|The bathroom remains the No. 1 area for renovation among Canadians. (photo: Shutterstock)
We Canadians love to spruce up our homes. But when it comes to staying within our budgets ... not so much.
Those are the findings of the seventh annual RBC Renovation Poll.
The survey found that two-thirds of Canadian homeowners (66%) completed a renovation in the past two years but only half (49%) of them managed to stay within the budget they’d established.
Many respondents expressed some regret in the way their home improvements were completed: 28% cited going over-budget as their biggest mistake; 15% said using the wrong contractor or trades people; 13% regretted going the DIY route
“Canadians continue to consider any home improvement a very good investment, but the challenge with renovating is that it’s easy to keep adding on projects,” says RBC’s director of personal lending, Patricia Everingham. “Costs can mount up easily, and the next thing you know you’re over budget and behind schedule.”
Cash or credit?
More than half (55%) of Canadian renovators used cash or savings to pay for their renovation, and a third of them paid off the debt they incurred in under a month. Of those who are still paying for their renovation, 41% expect it will take more than a year to pay off.
About a third paid for their renovations using credit cards because they wanted to earn reward points (42%), make it easier to track expenses (30%) and because they needed the available credit (28%).
“Smaller makeover projects usually mean fewer expenses, and a credit card offers a convenient way to pay as you go,” says Everingham. “If you are planning a major reno, borrowing a larger amount upfront often makes sense and helps you establish a budget you can stick with.”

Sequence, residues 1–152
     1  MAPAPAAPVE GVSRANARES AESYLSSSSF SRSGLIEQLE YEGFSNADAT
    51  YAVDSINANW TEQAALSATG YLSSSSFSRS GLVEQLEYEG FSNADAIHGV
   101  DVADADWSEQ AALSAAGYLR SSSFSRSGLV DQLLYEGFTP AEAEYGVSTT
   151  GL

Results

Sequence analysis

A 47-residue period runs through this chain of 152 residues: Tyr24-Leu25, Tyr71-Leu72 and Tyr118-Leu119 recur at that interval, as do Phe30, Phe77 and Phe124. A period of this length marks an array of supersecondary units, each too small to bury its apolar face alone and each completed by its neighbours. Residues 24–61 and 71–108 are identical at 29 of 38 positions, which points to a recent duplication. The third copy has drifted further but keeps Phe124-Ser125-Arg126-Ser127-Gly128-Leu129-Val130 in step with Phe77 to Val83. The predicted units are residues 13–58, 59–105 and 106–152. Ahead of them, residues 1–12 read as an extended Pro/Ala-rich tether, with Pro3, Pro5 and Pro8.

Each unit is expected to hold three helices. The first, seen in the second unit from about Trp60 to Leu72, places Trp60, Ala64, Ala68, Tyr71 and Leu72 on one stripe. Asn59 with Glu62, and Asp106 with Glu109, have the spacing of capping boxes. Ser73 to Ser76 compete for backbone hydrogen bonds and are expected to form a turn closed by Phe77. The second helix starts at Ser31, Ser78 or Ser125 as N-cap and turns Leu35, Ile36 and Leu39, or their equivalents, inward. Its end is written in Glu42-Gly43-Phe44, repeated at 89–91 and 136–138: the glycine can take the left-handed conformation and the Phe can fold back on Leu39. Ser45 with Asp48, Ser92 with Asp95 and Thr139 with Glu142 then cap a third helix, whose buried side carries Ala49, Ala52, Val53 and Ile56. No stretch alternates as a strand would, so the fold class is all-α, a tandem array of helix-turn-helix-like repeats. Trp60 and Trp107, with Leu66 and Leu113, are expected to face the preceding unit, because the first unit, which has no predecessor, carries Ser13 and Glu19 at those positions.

Bathrooms and exteriors are the top priorities for those intending to renovate in the next two years (38% and 32%, respectively). Basement remodels are becoming popular, with 21% planning to do so, up from 13% in 2009.
Keeping up with the Joneses seems to be the motivation for some Canadians, as the top two influences cited by respondents are friends, family and neighbours’ homes (36%), followed by TV home improvement shows (34%).
Canada vs. U.S.
Over the past two years, Canada was a “renovation nation” in comparison to the U.S., with 66% of Canadian homeowners having completed a renovation in that time, compared to 51% of their U.S. counterparts.
However, the poll also found that Canadian plans to renovate over the next two years have slipped: down four percentage points to 62% – likely due in part to the end of the Home Renovation Tax Credit. South of the border, 67% of American homeowners intend to renovate, but they plan to spend less ($9,800) than their Canadian counterparts ($10,796).
Renovating trumps relocating
Most of those polled (74%) say they would rather improve than move, and half of those (52%) who are planning to renovate would still continue with their plans if house prices were to level off or decline.
The majority of Canadians (92%) view renovations as a means to increase the value of their home.
More than 3,500 Canadian and 3,200 American homeowners took part in the survey conducted by Ipsos Reid for RBC.